Prof. Mike Flynn receives Rackham Distinguished Graduate Mentoring Award
Flynn is one of five U-M professors honored with this award, which recognizes his excellence in mentoring doctoral students and commitment to fostering a supportive academic environment.
For his excellence in mentoring doctoral students, Professor Mike Flynn has received a Rackham Distinguished Graduate Mentoring Award. Flynn was one of five recipients across the entire university.
“Professor Flynn is most deserving of this award,” says Prof. Zhengya Zhang, who nominated Flynn. “He is a committed educator who genuinely cares about his students, their research, their life and their future. His dedication to student mentorship has influenced a class of junior colleagues, including myself. His leadership in graduate education has had a lasting impact on the mentorship and recruiting in ECE.”
Flynn is one of the world’s premier scholars in the area of analog and mixed-signal integrated circuits and systems, analog-to-digital conversion (ADC), and other interface circuits, from high-speed serial transceivers to radio frequency transceivers and sensors. His pioneering research has improved the performance and energy efficiency of analog-digital interfaces and transformed the field.
Flynn has supervised twenty-six doctoral dissertations. All of his doctoral students have gone on to become leaders in industry and in academia. His group pioneered the research on analog and mixed-signal circuits. They were also among the first to incorporate an efficient ADC in a complementary metal-oxide semiconductor radio frequency identification tag to make a radio frequency powered sensing system. They developed a wireless sensor network to monitor the integrity of bridges and roads. Their single-chip closed-loop stimulation device showcased the potential of integrated brain-machine interface circuits to improve the treatment of Parkinson’s and other diseases. Flynn’s group was part of the research effort led by Prof. Wei Lu that demonstrated the world’s first integrated memristive machine learning chip, which was featured as the cover article of the July 2019 issue of Nature Electronics.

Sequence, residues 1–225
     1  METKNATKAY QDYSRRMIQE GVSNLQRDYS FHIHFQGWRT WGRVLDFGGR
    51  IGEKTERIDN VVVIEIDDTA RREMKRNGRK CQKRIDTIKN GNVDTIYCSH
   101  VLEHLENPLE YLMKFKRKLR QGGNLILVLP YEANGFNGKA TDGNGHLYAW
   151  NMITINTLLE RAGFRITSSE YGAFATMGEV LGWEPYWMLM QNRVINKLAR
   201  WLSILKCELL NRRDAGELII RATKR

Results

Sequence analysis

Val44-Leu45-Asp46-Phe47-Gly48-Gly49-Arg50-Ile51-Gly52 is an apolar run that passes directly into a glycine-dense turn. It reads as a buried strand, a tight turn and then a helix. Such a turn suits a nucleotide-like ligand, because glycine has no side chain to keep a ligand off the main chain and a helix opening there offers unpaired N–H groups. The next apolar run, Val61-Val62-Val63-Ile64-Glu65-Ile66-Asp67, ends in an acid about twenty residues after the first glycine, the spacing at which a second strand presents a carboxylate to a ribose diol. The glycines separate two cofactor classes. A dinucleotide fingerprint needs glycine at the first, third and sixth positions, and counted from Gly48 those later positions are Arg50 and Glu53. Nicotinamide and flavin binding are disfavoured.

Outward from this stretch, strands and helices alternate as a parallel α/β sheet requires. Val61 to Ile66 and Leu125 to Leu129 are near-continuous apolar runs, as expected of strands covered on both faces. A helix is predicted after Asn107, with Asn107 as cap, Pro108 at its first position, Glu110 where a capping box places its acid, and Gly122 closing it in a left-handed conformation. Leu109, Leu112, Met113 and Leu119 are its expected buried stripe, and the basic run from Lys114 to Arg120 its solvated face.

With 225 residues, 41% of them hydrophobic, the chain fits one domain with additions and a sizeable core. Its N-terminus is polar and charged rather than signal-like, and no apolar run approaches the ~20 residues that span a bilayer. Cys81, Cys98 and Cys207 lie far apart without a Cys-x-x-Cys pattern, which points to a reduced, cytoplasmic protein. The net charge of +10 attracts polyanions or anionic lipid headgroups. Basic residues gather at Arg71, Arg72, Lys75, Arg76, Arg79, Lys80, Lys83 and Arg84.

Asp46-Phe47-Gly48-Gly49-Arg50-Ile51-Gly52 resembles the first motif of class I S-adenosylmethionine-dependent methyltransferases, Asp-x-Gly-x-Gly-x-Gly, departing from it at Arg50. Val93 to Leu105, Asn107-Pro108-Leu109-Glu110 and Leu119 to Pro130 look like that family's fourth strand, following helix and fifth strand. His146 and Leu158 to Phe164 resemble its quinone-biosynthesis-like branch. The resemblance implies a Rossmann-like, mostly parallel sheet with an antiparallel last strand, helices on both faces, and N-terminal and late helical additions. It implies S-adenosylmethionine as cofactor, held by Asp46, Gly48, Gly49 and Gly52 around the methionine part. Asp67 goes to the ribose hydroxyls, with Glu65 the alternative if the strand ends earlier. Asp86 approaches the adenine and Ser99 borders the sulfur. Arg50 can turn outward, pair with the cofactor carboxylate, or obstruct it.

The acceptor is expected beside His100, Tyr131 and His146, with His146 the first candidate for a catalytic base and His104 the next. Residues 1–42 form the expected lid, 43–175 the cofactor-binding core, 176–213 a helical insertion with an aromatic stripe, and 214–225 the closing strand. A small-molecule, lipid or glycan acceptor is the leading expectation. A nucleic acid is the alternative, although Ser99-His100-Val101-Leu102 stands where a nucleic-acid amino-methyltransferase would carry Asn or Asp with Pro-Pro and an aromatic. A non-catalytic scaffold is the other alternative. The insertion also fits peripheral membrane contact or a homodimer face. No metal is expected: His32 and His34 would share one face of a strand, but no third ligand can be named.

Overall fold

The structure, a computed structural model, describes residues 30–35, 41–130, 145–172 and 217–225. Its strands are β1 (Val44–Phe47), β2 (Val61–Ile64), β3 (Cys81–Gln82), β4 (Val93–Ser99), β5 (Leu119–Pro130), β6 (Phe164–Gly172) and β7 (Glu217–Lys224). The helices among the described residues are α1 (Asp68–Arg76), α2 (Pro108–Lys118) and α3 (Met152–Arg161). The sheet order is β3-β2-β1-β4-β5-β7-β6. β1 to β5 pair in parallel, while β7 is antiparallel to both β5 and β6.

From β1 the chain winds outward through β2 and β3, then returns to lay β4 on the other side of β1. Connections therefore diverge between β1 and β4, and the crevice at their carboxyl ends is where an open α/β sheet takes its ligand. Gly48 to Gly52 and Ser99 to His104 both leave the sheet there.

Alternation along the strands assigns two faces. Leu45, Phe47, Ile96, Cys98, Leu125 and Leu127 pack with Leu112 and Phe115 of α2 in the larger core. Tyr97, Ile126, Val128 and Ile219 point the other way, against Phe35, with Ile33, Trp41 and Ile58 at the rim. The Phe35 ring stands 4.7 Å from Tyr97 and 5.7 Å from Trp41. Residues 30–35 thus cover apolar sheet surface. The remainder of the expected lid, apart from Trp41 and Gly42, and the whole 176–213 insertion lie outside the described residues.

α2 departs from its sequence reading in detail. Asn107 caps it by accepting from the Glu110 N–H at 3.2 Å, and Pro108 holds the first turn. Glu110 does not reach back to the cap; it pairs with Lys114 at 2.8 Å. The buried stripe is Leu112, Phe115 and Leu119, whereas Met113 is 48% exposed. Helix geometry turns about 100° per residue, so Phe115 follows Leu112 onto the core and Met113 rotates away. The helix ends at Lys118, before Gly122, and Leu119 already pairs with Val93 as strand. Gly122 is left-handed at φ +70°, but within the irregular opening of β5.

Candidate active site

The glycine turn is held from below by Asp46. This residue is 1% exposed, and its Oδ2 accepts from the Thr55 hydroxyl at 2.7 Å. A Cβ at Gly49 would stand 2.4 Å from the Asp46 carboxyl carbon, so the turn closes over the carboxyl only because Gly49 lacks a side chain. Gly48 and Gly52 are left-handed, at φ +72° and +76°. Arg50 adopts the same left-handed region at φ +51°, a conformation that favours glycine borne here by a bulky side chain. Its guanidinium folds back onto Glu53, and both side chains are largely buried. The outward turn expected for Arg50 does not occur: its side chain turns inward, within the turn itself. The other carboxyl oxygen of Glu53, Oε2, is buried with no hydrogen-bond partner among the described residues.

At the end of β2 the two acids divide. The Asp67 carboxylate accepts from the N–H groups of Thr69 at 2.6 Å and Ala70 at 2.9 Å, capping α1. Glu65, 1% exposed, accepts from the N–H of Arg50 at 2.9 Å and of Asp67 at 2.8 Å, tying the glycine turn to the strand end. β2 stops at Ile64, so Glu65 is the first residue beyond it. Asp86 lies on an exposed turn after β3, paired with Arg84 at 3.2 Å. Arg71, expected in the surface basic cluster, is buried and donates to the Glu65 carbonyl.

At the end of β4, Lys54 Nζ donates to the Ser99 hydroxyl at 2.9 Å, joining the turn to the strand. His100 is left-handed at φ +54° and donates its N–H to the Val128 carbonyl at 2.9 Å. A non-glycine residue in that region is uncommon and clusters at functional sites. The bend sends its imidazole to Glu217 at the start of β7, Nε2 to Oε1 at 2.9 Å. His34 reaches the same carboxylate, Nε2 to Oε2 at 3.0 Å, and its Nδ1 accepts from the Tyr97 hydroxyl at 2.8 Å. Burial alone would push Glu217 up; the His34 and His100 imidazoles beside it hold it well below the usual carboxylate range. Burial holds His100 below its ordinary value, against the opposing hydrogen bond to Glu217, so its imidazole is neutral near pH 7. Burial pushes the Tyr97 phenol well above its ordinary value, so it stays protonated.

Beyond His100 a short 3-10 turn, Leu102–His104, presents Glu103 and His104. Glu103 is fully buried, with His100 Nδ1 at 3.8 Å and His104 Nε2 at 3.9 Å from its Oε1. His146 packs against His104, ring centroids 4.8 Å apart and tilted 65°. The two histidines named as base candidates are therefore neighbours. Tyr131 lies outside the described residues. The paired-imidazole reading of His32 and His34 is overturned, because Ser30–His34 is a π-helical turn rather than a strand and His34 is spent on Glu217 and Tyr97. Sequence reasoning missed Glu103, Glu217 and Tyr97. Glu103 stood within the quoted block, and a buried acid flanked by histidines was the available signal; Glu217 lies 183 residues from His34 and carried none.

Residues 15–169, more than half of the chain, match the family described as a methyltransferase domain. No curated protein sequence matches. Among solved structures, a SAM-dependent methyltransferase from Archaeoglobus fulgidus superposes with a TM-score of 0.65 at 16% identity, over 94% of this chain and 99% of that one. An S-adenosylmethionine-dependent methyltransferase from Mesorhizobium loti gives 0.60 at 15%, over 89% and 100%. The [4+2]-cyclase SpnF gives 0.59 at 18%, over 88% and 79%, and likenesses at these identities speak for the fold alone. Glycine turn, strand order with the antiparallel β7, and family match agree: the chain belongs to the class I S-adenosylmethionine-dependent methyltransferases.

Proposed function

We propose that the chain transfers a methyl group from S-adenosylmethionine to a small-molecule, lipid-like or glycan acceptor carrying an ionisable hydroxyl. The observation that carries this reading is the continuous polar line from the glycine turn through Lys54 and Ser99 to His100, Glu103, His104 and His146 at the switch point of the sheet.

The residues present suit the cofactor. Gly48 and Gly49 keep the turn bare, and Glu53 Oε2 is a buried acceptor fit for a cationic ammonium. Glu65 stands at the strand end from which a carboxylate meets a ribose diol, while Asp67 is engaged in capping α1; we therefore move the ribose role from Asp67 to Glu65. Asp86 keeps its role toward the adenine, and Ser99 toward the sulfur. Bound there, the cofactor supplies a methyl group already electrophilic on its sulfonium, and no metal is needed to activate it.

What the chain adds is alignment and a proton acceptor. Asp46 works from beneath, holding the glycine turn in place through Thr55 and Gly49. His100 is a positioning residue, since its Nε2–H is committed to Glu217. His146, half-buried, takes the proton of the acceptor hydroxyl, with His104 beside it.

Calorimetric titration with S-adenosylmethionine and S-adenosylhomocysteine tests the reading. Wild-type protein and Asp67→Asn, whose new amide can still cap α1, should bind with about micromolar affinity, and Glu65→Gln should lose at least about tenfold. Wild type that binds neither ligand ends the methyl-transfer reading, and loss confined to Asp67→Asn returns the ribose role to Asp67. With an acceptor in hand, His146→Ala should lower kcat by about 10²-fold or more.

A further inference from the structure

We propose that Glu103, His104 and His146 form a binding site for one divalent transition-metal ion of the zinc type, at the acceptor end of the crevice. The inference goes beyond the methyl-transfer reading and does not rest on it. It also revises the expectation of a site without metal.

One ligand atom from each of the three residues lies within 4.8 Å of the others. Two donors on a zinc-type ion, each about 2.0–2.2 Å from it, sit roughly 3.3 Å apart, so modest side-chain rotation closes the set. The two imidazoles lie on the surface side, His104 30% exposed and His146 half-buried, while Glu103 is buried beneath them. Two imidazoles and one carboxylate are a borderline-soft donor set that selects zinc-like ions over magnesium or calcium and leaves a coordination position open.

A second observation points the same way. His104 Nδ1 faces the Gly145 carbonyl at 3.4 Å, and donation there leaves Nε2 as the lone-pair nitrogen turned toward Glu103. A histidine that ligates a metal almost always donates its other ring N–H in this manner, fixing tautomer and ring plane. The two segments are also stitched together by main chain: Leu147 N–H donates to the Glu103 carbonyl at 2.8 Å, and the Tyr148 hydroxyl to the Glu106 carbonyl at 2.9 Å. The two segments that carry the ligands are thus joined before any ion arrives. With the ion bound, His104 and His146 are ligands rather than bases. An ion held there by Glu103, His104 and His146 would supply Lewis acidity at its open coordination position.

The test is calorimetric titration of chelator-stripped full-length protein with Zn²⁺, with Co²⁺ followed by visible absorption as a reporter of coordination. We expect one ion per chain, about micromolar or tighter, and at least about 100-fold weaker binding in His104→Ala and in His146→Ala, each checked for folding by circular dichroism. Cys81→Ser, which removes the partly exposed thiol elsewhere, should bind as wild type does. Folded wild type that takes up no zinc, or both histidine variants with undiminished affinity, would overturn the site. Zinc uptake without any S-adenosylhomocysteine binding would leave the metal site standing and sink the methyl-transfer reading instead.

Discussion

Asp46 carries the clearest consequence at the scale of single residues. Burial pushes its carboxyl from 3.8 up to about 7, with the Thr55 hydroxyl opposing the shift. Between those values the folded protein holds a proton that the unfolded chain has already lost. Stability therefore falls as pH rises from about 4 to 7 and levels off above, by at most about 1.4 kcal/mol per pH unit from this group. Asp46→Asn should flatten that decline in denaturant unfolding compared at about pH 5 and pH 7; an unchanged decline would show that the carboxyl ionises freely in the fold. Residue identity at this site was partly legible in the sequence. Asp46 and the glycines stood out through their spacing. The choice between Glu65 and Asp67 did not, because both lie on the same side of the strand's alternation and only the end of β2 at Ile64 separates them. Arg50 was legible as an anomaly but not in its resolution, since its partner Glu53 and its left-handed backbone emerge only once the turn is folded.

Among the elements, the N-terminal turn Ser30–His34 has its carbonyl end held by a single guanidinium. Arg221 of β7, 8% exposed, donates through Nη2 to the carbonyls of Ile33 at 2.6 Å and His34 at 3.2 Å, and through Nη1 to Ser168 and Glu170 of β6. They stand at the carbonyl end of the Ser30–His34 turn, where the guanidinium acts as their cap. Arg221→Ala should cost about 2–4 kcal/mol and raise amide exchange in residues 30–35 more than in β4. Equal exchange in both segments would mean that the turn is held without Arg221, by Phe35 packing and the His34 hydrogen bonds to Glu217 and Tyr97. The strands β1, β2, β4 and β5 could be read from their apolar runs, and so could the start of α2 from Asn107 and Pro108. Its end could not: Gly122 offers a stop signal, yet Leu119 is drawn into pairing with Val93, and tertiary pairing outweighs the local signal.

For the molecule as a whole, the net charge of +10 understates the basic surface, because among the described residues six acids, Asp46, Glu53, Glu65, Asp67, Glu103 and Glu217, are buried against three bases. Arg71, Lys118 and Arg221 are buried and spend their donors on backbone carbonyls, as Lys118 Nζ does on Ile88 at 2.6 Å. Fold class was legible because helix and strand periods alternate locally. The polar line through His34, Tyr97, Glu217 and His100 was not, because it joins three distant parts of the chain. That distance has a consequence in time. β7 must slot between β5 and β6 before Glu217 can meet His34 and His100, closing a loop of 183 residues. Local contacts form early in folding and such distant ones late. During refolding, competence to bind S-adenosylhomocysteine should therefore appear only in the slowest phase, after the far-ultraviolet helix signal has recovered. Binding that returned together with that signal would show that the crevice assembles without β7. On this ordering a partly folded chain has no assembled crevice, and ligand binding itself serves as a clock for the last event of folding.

“The great thing about being a professor at Michigan is the opportunity to work with amazing young people,” Flynn says. “I feel really honored to be chosen for this award.”
The great thing about being a professor at Michigan is the opportunity to work with amazing young people.Prof. Mike Flynn
As a professor, Flynn is known for always putting students’ education and growth first and always trying to enhance students’ educational experience. Every year, he raises enough funds to send every one of his students to the top research conference in the field. He personally connects each student with the top industry researchers in the world to help student receive valuable opportunities to intern in the top industry research labs and learn from the best practitioners.